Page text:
In my latest post about self care, I wrote about different ways to maintain your mental and physical health while away at school. From eating right to spending quality time with yourself, there are lots of ways to tend to your bodily and mental health!
This post dives deeper into the theme of self care and examines the different practices we can use to meet our diverse needs and why they work so well. There are 5 types of self care that are essential to a healthy mind, body, and spirit.
This one goes without saying. Our bodies require a lot of care and attention. From the time we’re born to the time we die, we’re constantly tending to our bodily needs! Physical wellness should always be a priority. Bodily self care means eating right, drinking plenty of water, and getting plenty of sleep. No more all-nighters, please!
More examples: taking multivitamins to ensure you get all the nutrients you need, exercising regularly, protecting your skin from the sun, practicing dental hygiene, resting when you’re sick
Humans are naturally very curious. We like to learn and our brains are constantly changing! We love growth and we like to be challenged in new ways. By gaining new skills and experiences, we develop a sense of accomplishment and an improved sense of self. Intellectual self care means learning, growing, and working hard to improve yourself.
More examples: playing chess or other strategy games, reading a book, taking classes in subjects that interest you, watching a documentary, listening to a speech or an informational podcast, writing, learning an instrument
Do what feeds your soul. Practice your own personal spirituality. This could mean going to a religious service, attending a Bible study, praying, meditating, or doing yoga. There’s a practice out there for everyone! If you haven’t found one yet, try them all. Having clarity on your personal beliefs will allow you to gain self confidence, hope, and inner peace.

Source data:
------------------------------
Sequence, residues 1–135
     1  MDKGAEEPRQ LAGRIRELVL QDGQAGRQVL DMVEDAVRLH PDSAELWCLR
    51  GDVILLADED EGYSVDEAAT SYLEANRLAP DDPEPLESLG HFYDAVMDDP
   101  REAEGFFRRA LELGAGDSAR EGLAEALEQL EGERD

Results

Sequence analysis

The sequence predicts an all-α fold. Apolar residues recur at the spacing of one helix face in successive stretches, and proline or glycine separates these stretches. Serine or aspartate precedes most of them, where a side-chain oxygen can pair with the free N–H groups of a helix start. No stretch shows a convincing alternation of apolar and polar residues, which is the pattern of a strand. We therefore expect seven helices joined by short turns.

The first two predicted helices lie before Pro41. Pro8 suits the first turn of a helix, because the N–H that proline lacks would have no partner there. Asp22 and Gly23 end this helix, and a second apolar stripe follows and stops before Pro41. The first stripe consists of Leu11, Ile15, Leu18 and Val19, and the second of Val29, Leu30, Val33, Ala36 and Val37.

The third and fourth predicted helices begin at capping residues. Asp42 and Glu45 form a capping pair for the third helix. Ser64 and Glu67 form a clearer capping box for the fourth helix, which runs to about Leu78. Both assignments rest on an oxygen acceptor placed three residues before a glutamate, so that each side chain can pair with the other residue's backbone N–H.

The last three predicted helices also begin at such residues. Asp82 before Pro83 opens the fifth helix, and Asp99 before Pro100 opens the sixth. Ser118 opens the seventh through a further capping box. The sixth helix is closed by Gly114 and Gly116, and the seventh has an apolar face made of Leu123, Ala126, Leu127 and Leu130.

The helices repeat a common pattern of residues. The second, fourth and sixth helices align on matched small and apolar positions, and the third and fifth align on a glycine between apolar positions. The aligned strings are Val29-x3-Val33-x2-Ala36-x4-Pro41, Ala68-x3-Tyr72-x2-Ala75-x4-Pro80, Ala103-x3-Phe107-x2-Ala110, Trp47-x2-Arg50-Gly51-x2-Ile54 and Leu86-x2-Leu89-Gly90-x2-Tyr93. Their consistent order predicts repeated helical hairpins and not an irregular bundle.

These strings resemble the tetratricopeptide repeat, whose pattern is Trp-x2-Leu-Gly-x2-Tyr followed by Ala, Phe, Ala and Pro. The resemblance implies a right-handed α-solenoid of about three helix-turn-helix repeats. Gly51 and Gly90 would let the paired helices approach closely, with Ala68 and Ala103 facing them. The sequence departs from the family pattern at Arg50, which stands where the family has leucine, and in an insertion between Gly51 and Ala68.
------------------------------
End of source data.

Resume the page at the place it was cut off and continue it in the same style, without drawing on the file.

More examples: talking to a priest or pastor, reading about religion/spirituality, writing personal reflections in a journal, listening to spiritual music, writing a personal creed, reading passages from a religious text
We are social creatures who crave community. That’s why it’s so important to spend time with others. Social self care can mean spending quality time with your friends and family, having a great conversation, going on a date, or simply asking for advice when you need it. Sometimes social self care can require you to step outside your comfort zone and make yourself vulnerable — if you’re an introvert like me, making new friends can be a little intimidating! But, vulnerability builds trust and is key to self growth.
More examples: going out for lunch with a colleague/classmate, attending a networking event, telling somebody about your day (and asking them about theirs!), calling an old friend to check in, having a girls’ night
Emotional self care is all about being honest with yourself about your feelings and validating them. So many times, we try to convince ourselves that we aren’t hurt, sad, angry, or jealous (really, insert any blah emotion!), and then we bottle those feelings up only to later explode. Get in touch with your emotions and remind yourself that it’s okay to feel. Ask yourself why you feel the way you do. You’ll learn about yourself and be able to channel those feelings into something positive and constructive.
More examples: talking to a therapist, allowing yourself to cry, listening to music that fits your mood, venting to a friend, listening to a Ted talk, reading an inspirational book
Remember, there are various types of self care because we’re wonderful human beings who have diverse abilities and needs! Wellness is so much more than eating healthily and exercising. Check in with yourself and reflect on how you can practice self care today.